“Soft tissue injuries of an upper or lower extremity requiring a series of staged surgical procedures within 12 months after onset” are included among the disorders of the musculoskeletal system which are “disabling” as a matter of law under the Social Security Administration “Listings.”
A patient with a soft tissue injury which interferes with the major function of any extremity may qualify for Social Security disability benefits as of the time of the injury.
The surgery series to be performed within 12 months must be to salvage and/or restore the major function of the extremity; yet the major function must not have been not restored nor expected to be restored within 12 months, in order to meet the criteria of this Listing.
In the following case, functional use was not restored after a series of surgical procedures taking more than 12 months, over several years. Nevertheless, the claimant was ruled “disabled” since the disabling effect equaled the Listing.
The case in which this Listing was applied involved a client (“the claimant”) who was injured working as a large equipment mechanic in 1993. While holding in his left (dominant) hand an 80-pound starter which he was installing in a crane, the creeper he was seated on moved backwards causing a twisting injury to his left shoulder. Since then, he has been afflicted with left shoulder pain and numbness, numbness in the fingers, hand weakness and loss of range of motion in the arm and shoulder, as well as daily headaches, anterior wall pain and paresthesia.
After conservative measures failed, the claimant underwent left shoulder subacromial decompression surgery about 5 months after the injury. However, his pain, numbness and headaches persisted.
One year after the injury, he was referred to a neuropathic pain specialist who supervised physical therapy, oral medications and antiproliferant injections. These, however, only provided minimal temporary relief. 16 months after the injury, he underwent thoracic outlet decompression surgery.
Unfortunately, any beneficial effects of this second surgery were reversed 3 months later when someone grabbed him fiercely by the left trapezius. The neuropathic pain specialist (“the treating doctor”) continued to treat him with injections and oral medications, all with no significant relief.
The following year, 1997, claimant’s treating doctor treated his pain and headaches with two nerve blocks. The year after that, he performed a scalenectomy. Another nerve block was performed in 1999. Again, these treatments only provided limited relief for short periods of time. The claimant continued on pain medications, including Percocet, Vicodin, Valium and Fiorinal. The treating doctor opined that the claimant’s condition equaled the above-described Listing. However, whether someone is disabled under Social Security law is for the judge to decide. The judge is not required to adopt the opinion of the treating doctor on disability.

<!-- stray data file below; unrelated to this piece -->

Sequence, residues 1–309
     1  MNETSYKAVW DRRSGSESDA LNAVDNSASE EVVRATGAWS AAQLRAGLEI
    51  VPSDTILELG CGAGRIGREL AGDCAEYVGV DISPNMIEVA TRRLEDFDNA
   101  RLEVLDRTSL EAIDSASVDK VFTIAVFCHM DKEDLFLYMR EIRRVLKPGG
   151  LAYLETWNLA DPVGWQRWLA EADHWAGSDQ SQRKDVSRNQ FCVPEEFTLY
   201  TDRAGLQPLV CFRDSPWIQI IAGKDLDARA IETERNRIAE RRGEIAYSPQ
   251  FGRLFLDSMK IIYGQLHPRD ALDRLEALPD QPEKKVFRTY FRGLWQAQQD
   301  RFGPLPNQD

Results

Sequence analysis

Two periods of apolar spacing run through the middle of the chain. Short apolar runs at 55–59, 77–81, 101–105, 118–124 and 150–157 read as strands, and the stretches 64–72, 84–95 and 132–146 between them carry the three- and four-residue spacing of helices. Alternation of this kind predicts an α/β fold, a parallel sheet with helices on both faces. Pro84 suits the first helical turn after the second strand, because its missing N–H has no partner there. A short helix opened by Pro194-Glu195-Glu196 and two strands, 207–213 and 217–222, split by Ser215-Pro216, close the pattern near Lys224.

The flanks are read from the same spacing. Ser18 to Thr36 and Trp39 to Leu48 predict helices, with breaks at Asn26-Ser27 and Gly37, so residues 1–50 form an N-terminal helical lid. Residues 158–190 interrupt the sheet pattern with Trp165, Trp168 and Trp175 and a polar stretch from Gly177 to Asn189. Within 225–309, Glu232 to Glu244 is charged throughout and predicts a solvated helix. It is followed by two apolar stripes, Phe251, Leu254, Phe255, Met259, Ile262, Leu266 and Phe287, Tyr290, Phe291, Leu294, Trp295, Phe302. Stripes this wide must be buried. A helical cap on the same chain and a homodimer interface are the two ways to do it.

Under the Social Security Act, disabling conditions that do not meet the specific criteria of a Listing, yet have the same disabling effect, may be ruled disabling as equal or equivalent to the Listing.
Here, even though the series of staged surgical procedures were not performed within 12 months after the onset (the injury), the judge adopted the opinion of the treating doctor since the major function of the claimant’s left upper extremity had never been restored following the injury, despite the multiple surgeries.
The phrase, “series of staged surgical procedures” is not defined as to any minimum specific number. It may refer to as few as two.
So, if you have a patient with a soft tissue injury which interferes with the major function of any extremity and that function is not restored despite at least two surgical procedures, your patient probably qualifies for Social Security disability benefits as of the time of the injury.
Also, the minimum period of disability allowed is 12 months. That is, if a claimant is disabled (as defined by the Social Security Act) for at least 12 months, disability benefits will be awarded for the period of disability, even if ability to work is subsequently restored.
Therefore, even if major use of the extremity is ultimately restored, if there was a period of at least 12 months during which a series of surgeries failed to restore major function, disability benefits will be awarded for the period of time the individual was unable to work.
This article was prepared by Arthur W. Stevens III